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The sisters of the Order of the Visitation of Holy Mary, more commonly known as Visitationists, were brought to Poland from France by Marie Louise Gonzaga (known in Poland as Ludwika Maria) in 1654. Visitationists ran a boarding school for girls and provided education for inner-city girls from less well-to-do backgrounds. In addition, the religious order for women accommodated a novitiate for young girls admitted to this religious order for women – the so-called habitki (from the habit of a member under vows), i.e. candidates for the convent. The present article provides the reader with some detailed information on the mentioned group of candidates in relation the period covering the years from the establishment of the convent to the end of the seventeenth century. Habitki’s cells were located in the part of the convent that also accommodated nuns, wore habits and participated in regular religious services and prayers with nuns. As a rule, they were usually minors up to girls of several years of age or older. They were supervised by a master-nun, appointed by Mother Superior, who took care of them, while a special rule of conduct determined their duties and responsibilities in the convent. The reasons behind a decision to send little girls to the nunnery varied. At times, still unborn babies were sacrificed to God even before delivery, a custom to be found in particular within families where children were long in coming or where successive deliveries were death experiences for parents. Girls in the convent usually had both parents, but oftentimes they were orphans, disabled, hated by their parents or came from large families. By sending a daughter to a convent parents believed that her future was somehow secured. Occasionally, by doing so they simply got rid of a crippled child that often required extra care, or cleared the situation in prospective property settlement agreements in the family. More often than not, the plans conceived by parents, or foster parents, were not in line with intentions or expectations of girls. A decision to stay within the confinement of the convent, however, was up to a candidate, who, after reaching the age of 15, was entitled to seek for admittance to the full novitiate and, at the age of 16, could take simple vows. Between 1658 and 1697, the Warsaw-based convent had 23 habitki. Only 7 of them took vows. At the time, no other religious order and convent had such a specific rule for child.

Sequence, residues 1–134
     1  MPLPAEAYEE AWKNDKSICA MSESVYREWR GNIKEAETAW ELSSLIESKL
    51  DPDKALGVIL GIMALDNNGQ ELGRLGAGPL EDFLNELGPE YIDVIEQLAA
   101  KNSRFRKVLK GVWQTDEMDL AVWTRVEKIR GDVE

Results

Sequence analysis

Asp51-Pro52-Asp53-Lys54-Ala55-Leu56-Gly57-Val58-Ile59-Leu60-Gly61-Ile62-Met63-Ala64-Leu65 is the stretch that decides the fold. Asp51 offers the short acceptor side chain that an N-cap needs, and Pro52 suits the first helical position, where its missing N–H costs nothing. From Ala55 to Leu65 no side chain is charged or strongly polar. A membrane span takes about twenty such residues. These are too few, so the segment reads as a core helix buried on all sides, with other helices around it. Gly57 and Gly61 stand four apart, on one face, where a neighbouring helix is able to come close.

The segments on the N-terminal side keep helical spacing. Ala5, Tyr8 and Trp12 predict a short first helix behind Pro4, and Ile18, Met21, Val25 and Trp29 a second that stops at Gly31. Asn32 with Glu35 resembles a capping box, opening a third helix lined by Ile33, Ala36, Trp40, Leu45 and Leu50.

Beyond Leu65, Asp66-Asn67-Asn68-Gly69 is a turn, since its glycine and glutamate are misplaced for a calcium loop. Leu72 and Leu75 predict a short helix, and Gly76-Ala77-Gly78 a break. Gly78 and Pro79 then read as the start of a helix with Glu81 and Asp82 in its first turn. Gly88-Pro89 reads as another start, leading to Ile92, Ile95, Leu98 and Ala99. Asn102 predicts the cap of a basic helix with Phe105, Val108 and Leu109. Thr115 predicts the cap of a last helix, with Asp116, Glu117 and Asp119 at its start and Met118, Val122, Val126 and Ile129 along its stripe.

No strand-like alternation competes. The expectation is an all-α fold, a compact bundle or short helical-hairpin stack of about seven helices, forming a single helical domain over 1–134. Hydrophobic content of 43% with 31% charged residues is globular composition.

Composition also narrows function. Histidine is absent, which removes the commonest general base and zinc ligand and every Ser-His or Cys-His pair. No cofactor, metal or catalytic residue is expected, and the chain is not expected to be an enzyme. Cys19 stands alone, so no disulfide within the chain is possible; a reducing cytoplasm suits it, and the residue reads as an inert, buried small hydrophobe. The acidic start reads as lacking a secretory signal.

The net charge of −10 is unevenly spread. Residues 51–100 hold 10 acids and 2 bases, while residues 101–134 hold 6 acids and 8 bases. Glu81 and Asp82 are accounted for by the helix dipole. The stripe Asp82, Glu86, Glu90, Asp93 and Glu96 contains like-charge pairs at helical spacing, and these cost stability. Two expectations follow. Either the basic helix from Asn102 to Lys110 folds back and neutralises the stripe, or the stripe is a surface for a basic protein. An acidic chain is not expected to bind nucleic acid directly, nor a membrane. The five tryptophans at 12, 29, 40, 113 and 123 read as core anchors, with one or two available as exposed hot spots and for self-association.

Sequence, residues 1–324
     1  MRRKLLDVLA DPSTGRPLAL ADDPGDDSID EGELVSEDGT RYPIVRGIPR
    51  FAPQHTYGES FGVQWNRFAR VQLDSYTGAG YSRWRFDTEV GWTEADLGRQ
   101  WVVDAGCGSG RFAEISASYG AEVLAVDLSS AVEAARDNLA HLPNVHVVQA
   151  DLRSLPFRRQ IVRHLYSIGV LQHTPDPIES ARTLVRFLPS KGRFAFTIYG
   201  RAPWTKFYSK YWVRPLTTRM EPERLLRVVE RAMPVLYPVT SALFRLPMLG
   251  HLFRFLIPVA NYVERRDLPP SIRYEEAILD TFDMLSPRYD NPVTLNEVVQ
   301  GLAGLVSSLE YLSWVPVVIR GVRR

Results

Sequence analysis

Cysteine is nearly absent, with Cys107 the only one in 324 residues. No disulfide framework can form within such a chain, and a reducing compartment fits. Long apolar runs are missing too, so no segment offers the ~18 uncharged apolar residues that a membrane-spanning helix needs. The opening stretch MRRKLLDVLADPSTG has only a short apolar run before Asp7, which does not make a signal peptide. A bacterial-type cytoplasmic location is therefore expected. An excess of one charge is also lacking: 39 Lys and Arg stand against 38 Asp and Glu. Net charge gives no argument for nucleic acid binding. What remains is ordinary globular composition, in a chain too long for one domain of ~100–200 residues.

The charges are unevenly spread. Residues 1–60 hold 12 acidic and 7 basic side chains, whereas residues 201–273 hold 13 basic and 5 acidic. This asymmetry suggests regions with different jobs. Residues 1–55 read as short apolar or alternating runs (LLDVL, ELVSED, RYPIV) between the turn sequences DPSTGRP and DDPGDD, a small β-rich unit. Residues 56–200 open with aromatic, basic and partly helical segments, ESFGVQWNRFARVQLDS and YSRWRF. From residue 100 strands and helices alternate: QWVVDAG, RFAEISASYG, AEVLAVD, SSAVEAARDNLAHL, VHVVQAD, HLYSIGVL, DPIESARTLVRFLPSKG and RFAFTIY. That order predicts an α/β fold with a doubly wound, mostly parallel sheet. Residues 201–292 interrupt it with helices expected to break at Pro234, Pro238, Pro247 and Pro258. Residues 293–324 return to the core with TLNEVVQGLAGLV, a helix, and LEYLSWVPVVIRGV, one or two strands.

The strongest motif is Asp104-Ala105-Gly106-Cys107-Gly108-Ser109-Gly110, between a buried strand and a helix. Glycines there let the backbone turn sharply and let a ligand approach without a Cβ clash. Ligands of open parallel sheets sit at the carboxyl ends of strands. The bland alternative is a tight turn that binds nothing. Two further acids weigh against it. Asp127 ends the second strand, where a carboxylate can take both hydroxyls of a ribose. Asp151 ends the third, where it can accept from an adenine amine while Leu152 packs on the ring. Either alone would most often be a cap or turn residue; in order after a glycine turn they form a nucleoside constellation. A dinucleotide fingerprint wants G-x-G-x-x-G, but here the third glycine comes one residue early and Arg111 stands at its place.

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habitki klasztor Wizytek Warszawskich w XVII wieku

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Jak cytować
Szylar, A. (2010). Nasze naymilsze siestrzyczki. czyli habitki w klasztorze Wizytek Warszawskich w XVII wieku. Biuletyn Historii Wychowania, (26), 19-36.